Workshop and seminar are part of IEA programme to help reduce energy intensity.
Ukraine has one of the most energy-intensive economies in the world, and new reforms to foster sustainable economic development and enhance energy security include large increases in utility tariffs that are very likely to encourage cuts in consumption in the residential sector.
To help the country’s policy makers improve energy efficiency and demand side management, the International Energy Agency this week led expert sessions in Kiev on both analysis and implementation of energy-saving activities.
Along with co-hosts the State Agency on Energy Efficiency and Energy Saving of Ukraine and in collaboration with the European-Ukrainian Energy Agency, IEA analysts led an expert workshop on energy efficiency in buildings and advanced district heating, as well as a training seminar on energy efficiency indicators and policy prioritisation, for around 70 participants from Ukraine’s public and private sectors and non-governmental organisations.
The new tariffs this year are expected to ignite an energy management response that it is hoped will include improved heating controls and sub-metering to encourage conservation. Overall, buildings in Ukraine are very inefficient and the country is highly dependent on natural gas for heating. In its upcoming update of its 2012 review of Ukraine’s energy policies, the IEA calls for a transformation of the energy sector to make it more efficient, secure and sustainable, in large part by enhancing efforts to reduce demand through energy efficiency, particularly for buildings and longer term for district heating systems and the construction industry.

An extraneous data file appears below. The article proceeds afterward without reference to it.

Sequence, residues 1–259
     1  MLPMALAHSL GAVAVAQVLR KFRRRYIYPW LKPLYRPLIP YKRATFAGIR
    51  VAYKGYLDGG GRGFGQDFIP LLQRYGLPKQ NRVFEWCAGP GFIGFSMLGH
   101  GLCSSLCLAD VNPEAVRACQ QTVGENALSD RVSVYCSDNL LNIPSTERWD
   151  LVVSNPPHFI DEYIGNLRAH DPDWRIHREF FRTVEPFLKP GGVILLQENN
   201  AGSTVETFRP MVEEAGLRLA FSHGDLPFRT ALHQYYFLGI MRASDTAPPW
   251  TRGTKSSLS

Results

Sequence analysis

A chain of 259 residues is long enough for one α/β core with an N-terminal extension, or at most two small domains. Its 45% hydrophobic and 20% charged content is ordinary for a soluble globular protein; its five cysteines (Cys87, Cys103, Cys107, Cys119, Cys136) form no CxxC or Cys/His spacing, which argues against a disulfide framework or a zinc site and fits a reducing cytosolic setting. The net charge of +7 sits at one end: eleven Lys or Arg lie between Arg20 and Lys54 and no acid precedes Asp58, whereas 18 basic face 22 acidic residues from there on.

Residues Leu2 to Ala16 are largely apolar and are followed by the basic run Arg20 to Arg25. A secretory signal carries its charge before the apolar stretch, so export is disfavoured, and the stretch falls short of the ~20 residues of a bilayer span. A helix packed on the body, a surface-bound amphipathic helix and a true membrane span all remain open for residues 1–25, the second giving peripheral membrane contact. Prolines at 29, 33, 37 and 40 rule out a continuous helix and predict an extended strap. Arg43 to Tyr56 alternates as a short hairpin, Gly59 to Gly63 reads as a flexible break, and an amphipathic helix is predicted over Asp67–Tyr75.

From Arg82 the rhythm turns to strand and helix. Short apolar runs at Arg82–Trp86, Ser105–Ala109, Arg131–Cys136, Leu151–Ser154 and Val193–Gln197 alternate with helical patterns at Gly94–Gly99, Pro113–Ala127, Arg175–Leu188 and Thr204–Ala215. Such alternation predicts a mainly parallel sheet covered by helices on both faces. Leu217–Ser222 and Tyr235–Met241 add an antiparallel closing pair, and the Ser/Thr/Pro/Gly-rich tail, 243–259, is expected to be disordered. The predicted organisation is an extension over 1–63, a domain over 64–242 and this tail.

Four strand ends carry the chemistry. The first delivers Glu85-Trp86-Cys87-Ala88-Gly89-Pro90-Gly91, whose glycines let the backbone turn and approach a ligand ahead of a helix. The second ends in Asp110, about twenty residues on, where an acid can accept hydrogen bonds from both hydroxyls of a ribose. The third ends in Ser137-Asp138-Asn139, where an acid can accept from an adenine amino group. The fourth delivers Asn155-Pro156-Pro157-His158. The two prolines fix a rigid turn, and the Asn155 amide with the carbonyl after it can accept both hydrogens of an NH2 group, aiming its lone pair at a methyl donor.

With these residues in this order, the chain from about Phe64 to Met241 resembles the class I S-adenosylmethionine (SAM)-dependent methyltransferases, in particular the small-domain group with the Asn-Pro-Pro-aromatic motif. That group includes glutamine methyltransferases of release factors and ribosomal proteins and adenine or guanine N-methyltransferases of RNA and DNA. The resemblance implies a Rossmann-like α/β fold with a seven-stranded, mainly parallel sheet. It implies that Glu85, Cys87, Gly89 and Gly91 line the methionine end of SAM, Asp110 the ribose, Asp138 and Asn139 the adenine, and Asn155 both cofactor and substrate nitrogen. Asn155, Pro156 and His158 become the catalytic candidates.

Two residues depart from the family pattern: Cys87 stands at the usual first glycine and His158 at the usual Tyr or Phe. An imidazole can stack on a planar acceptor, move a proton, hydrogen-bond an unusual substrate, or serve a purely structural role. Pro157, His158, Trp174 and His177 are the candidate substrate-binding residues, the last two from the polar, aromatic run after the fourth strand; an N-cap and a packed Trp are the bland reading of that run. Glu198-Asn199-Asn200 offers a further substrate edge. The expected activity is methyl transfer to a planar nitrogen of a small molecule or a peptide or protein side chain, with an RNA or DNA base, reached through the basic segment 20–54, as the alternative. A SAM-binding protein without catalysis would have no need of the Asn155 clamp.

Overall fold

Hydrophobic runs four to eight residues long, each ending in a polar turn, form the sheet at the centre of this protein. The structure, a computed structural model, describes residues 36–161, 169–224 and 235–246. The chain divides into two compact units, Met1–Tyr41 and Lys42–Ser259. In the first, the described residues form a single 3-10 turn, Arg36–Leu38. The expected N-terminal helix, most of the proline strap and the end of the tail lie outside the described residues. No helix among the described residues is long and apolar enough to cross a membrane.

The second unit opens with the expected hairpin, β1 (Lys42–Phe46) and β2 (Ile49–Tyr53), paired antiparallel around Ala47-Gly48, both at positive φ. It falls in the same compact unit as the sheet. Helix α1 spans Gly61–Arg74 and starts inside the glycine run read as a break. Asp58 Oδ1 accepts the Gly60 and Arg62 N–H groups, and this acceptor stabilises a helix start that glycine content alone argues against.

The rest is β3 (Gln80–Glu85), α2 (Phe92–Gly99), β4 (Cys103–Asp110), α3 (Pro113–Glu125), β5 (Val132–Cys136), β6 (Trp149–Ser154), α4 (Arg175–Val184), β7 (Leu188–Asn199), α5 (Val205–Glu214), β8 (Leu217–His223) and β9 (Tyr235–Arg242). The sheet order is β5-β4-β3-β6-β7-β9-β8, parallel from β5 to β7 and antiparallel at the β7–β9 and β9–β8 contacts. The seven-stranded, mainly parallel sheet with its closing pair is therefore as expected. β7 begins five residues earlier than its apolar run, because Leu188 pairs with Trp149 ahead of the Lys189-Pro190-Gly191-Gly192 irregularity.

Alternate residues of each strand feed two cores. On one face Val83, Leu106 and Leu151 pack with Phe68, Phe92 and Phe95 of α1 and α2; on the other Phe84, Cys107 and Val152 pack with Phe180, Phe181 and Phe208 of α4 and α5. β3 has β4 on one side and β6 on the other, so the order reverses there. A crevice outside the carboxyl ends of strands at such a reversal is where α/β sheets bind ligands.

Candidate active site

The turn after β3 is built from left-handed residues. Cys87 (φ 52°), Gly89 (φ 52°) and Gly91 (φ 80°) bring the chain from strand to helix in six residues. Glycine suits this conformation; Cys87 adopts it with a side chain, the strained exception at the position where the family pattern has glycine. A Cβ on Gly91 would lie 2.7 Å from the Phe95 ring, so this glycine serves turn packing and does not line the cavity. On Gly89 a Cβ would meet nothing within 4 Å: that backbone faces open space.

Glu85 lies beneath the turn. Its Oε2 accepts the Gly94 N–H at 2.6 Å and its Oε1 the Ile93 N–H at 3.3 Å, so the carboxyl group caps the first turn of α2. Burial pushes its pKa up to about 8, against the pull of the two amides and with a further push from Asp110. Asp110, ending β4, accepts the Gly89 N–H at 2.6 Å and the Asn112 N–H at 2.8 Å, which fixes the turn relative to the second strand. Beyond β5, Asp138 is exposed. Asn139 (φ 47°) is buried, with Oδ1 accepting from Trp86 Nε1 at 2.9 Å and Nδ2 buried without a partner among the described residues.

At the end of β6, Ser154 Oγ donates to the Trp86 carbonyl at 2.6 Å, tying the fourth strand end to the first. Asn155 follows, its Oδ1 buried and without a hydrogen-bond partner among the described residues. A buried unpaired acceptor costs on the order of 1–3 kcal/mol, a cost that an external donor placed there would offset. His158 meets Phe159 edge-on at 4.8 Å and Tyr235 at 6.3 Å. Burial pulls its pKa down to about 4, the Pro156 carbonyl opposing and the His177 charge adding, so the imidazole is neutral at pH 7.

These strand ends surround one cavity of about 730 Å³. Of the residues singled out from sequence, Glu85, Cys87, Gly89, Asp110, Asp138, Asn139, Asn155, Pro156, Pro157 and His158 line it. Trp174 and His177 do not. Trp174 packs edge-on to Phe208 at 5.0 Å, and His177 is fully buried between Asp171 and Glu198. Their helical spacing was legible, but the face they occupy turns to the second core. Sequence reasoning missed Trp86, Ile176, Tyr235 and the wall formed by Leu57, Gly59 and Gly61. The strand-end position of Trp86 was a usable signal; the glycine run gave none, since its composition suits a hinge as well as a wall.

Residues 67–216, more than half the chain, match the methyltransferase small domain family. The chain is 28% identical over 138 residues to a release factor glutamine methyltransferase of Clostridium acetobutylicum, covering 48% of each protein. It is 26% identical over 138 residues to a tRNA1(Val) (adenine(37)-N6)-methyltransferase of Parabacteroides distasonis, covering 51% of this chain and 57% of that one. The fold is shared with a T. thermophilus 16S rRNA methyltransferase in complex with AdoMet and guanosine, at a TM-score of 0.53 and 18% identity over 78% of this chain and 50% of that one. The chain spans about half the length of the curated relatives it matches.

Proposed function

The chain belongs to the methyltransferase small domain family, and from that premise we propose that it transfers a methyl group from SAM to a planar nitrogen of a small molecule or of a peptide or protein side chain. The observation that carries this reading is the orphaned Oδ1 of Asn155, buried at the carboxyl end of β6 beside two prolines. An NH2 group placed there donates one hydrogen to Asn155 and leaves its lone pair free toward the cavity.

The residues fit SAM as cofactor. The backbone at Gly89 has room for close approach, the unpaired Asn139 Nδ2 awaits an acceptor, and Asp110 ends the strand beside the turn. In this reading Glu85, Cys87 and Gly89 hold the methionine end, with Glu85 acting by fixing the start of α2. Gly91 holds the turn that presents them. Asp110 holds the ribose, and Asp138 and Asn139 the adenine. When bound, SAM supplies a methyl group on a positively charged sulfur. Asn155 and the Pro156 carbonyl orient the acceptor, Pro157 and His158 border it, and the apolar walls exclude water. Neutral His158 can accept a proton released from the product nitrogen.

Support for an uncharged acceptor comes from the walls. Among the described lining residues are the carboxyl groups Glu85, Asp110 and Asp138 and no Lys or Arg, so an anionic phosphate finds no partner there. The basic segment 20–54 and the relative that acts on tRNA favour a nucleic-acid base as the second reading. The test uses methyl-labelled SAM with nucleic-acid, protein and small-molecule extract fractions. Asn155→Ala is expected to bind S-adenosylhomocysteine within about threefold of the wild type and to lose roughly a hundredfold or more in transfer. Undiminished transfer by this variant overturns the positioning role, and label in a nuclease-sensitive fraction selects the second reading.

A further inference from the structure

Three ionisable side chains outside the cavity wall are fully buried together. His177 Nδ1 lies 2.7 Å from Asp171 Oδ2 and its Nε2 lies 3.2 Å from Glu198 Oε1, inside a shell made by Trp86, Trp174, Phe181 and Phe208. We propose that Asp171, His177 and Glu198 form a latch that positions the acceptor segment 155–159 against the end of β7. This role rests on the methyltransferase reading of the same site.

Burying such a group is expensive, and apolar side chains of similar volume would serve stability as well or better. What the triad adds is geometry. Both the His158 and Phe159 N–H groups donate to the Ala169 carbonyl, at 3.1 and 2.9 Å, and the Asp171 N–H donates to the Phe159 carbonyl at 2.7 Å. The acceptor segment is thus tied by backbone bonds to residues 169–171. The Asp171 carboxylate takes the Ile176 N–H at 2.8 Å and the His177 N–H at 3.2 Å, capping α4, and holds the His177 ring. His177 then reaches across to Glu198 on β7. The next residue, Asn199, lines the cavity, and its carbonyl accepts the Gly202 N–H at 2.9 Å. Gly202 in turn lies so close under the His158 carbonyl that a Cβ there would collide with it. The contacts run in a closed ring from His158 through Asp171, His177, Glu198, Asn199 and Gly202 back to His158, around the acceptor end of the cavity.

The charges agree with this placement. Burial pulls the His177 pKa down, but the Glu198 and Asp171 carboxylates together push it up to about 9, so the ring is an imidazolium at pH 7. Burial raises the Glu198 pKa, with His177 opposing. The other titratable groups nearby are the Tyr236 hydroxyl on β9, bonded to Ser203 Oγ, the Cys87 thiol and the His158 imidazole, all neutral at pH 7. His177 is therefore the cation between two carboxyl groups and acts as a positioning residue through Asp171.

Because sound energy efficiency policies require complete, reliable, and timely energy data, the training provided a theoretical framework and applied methodology to support development of tailored energy efficiency indicators across a range of sectors – especially since the market for energy efficiency is rather diverse and so are the types of investment required. Participants built on the IEA 25 Energy Efficiency Policy Recommendations to single out priorities for Ukraine.
The 23-25 March events were part of a series of IEA engagement activities with Ukraine on energy efficiency co-ordinated by the International Low-Carbon Energy Technology Platform and run through June 2015 and that are financed by the United Kingdom.